Specialized Neurological Testing and Procedures

One hundred years ago, the only way to make a positive diagnosis for many neurological disorders was to perform an autopsy after a patient’s death. Decades of scientific research has led to the development of powerful tools that allow us to see the inside of living brains and monitor nervous system activities in real time. A neurologist with additional training in clinical neurophysiology can properly interpret the results and help produce a more accurate diagnosis.

Dr. Joy Zhao is fellowship trained and board certified in both neurology and clinical neurophysiology. Besides general neurology, she also has more than fifteen years of hands–on clinical experience with various neurological tests and procedures. These qualifications lead to her ability to seamlessly integrate all pieces in the medical process, including diagnosis, testing, evaluation, and treatment. Consequently, she can react more responsively to the patient’s needs. We consider this to be a competitive advantage of Integrated Neurology Health Services.

Currently, the following specialized tests and procedures are offered at our clinic:

A procedure for measuring and recording electrical activity in a patient’s brain. Special sensors (electrodes and cameras) are attached to the head and connected by wire to a computer. The computer then records the electrical activity of the brain on the monitor screen as wavy lines. Certain conditions, such as seizures, can be discovered through analysis on changes in the pattern of the brain’s electrical activity. The service is provided in collaboration with Highline Medical Center in Burien, WA.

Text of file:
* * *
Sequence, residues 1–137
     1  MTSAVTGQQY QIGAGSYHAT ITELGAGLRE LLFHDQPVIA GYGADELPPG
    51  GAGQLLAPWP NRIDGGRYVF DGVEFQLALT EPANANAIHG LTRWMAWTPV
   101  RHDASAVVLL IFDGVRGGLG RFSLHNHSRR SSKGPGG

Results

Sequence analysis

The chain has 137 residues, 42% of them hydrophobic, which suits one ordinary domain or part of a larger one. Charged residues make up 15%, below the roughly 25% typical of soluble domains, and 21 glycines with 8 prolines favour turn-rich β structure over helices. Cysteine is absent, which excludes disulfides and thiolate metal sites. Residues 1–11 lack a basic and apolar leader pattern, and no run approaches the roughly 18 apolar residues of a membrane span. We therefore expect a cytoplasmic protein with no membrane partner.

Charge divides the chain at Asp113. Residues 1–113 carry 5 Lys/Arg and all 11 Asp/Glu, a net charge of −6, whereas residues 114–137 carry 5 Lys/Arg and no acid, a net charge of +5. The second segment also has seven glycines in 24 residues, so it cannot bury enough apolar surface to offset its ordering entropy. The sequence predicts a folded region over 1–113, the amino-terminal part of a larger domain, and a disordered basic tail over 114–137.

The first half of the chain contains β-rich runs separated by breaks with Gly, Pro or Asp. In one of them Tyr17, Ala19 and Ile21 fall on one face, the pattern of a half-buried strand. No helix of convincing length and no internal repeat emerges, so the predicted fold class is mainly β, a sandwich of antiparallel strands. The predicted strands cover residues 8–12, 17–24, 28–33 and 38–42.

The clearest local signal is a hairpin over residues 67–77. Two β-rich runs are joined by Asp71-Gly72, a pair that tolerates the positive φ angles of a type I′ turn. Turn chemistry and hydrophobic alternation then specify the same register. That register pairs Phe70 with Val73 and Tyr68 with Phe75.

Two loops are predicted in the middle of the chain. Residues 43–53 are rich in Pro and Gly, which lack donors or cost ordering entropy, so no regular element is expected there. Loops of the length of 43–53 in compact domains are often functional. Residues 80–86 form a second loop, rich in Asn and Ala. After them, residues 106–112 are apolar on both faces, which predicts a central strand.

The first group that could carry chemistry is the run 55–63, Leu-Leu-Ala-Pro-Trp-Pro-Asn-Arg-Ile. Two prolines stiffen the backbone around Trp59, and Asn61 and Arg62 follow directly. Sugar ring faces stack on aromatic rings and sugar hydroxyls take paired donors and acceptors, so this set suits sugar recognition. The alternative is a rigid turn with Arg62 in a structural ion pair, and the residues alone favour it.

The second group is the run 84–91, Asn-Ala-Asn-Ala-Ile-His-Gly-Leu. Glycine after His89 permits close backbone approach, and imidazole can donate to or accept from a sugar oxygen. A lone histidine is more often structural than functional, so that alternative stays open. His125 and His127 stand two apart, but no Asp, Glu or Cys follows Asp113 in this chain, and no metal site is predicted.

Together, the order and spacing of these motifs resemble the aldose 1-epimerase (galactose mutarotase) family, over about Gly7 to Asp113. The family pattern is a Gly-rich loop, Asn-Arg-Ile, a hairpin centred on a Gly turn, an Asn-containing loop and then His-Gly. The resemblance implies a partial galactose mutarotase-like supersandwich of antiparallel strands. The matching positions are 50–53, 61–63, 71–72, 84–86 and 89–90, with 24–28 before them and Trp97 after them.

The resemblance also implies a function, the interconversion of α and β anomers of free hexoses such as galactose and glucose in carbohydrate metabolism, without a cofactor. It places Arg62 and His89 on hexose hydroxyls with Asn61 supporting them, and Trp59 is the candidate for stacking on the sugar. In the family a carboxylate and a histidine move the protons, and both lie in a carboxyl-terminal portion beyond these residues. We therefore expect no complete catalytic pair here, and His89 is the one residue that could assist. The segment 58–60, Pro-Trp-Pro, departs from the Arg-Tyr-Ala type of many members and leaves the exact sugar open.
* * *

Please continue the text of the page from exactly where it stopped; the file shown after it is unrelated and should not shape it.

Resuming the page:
Used to diagnose nerve and muscle dysfunction as well as diseases of the spinal cord. It records the electrical activity from the brain and/or spinal cord to a peripheral nerve root (found in the arms and legs) that controls muscles during contraction and at rest. During an EMG, very fine wire electrodes are inserted into a muscle to assess changes in electrical voltage that occur during movement and when the muscle is at rest. The electrodes are then attached, through a series of wires, to a recording device.

A relatively recent technological innovation that allows EEG recording remotely and continuously for several days. This capability significantly increases the chance of capturing abnormal electrical activity in a patient’s brain. This procedure helps confirm an epilepsy diagnosis or the existence of unknown seizures. It is also used to evaluate the effectiveness of a treatment plan for a seizure disorder, nocturnal or sleep–related events, or syncope (a sudden and temporary loss of consciousness).